Friday, February 17, 2006

SEZ Reliance...

Reliance is in the news over the past few weeks with its SEZ plan. So, whats an SEZ? Heres some simple information about what constitutes an SEZ. In India an SEZ could be like SEEPZ. Apart from SEEPZ, there are STPs (Software Technology Parks), EPZ (Export Processing Zones) Gems export Zones and other variants.

Very simply put, A Special Economic Zone (SEZ) is a geographical region that has economic laws different from a country's typical economic laws. Usually the goal is an increase in foreign investment. (wikipedia). One obvious benefit is the tax. SEZ offer tax holidays to companies housed in them. The other, less obvious benefit is that of captive infrastructure within an SEZ. In China, for instance, SEZs have been used to create an environment that is different from the rest of the country. Shenzen, which is Chinas most successful SEZ is a case in point.

Reliance itself has grand plans with its SEZs. Its new refinery at Jamnagar will be in an SEZ. But that apart, Reliance, being Reliance is not content with the SEZ being just an EZ. The way Reliance looks at it, their SEZ may actually be as big as a small city. The advantages are obvious. Better infrastructure, better power, transport and what not. What the software campuses did in a small scale, Reliance will probably do it over an entire city. Given the local talent pool in India and the daily commute, many would move to a Reliance SEZ (or any other SEZ) to live and work, given a good option. And for companies too, they neednt decide between Bangalore and no Bangalore or some broken down town that passes off as a city; they can move straight into Reliance city.

Here are some excerpts from a story (The Reliance redux) I found in the The Indian Express:

...Reliance entry will ensure that our 15-year plan to develop Maha Mumbai and Navi Mumbai SEZ will now shrink into a 4-year development programme,’’ says the original promoter of the project, Nikhil Gandhi...

...Reliance Haryana SEZ (Pvt) Ltd is looking at an investment of Rs 40,000 crore, and a site would be selected soon. Mukesh will set up some industries in the SEZ which includes his ‘baby’ bio-technology.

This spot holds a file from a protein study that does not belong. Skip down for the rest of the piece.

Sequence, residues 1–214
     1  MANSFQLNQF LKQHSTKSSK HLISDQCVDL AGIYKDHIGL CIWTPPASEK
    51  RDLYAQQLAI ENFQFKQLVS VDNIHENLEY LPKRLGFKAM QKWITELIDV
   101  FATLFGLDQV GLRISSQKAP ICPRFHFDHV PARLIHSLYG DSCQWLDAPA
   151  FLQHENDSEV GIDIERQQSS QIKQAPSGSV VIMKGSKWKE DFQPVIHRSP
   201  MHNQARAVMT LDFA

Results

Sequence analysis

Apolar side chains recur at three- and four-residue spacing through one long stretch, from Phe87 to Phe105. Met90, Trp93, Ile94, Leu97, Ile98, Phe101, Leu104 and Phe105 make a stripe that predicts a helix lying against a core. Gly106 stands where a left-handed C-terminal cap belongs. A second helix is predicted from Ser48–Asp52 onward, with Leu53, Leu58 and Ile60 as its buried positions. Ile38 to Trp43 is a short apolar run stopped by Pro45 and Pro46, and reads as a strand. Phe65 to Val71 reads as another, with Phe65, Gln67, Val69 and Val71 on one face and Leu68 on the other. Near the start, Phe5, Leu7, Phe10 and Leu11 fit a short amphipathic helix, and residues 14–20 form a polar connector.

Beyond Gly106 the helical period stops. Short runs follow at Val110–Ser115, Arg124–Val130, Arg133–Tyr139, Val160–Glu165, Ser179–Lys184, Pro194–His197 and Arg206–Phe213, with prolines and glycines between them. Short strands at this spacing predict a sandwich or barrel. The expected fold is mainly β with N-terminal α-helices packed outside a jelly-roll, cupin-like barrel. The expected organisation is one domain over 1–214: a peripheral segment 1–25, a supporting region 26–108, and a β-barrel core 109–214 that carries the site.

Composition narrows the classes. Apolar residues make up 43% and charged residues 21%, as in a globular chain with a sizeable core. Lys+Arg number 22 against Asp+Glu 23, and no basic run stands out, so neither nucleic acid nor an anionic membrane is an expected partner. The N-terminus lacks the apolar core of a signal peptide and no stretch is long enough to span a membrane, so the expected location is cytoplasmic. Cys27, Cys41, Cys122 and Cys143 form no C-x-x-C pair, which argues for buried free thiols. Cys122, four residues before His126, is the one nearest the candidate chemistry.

In Hyderabad too, Reliance has asked the state government to allot 25,000 acres of land near Shamshabad airport for developing an SEZ exclusively for petrochemicals...

The plans are ambitious, no doubt and I see no reason why they cannot do it. With RIL India could have its first "private city" pretty soon.

7 comments:

Aadisht Khanna said...

First private city in Modern India maybe. I guess you could call East-India-Company age Madras and Calcutta private cities.

I will be very interested to see how they finance the municipal services. If they have been designed from scratch rather than evolving ad hoc as they would in 'legacy' cities, it might cut costs substantially. The actual revenue raising might be through a much more rational system of user charges based on property instead of the hodgepodge of property tax and exemptions present in Delhi right now.

The other thing I'll want to see is how these SEZs/ cities evolve and grow in the long run- i.e., will they be able to expand and still be well run, or will they fall into the Chandigarh trap- designed so perfectly that expansion is impossible?

Neelakantan said...

Actually Jamshedpur to a great extent qualifies as a private city.

Expansion will be a toughie for these guys, since they operate on say 8000 hectares of land. I am not sure if expansion will be all that possible. But you are right, user charges et al will be interesting to see. But in any case it will be more efficient (I hope)

Aadisht Khanna said...

I had forgotten about Jamshedpur until after I commented.

I wonder if real estate development MoUs in India include options to develop neighbouring parcels of land. I think this is used in other countries to provide for expansion.

Neelakantan said...

The Bangalore Mysore freeway project planned got stuck on this fundamental point (courtesy Deve Gowda et al) and the SC judgement allowed work to proceed only sans the real estate option.

Politicians are too closely involved in real estate in India, especially good real estate - its easy if its rocky land in AP or coastal reclamation in Navi Mumbai. Otherwise real estate MoUs are a good way to ensure progress in infrastructure.

Anonymous said...

GOI is under the inflence of affluenet builder lobby. Reliance always managed to get tax free status for all its projects. When small businesses pay all taxes and get finance at 30% or so rate, promoting few families is scandalous.

r said...

how abou this?
http://www.frontlineonnet.com/stories/20060630003711300.htm

r said...

please note that this not about anti-globalization or anti-market, infact the issue here is the right of people to their land - basically, a capitalistic principle which was originally a part of our constitution but was withdrawn(the reason, originally was to deprive pre independence rajahs of teir land, but since then has been used against farmeres and tribals).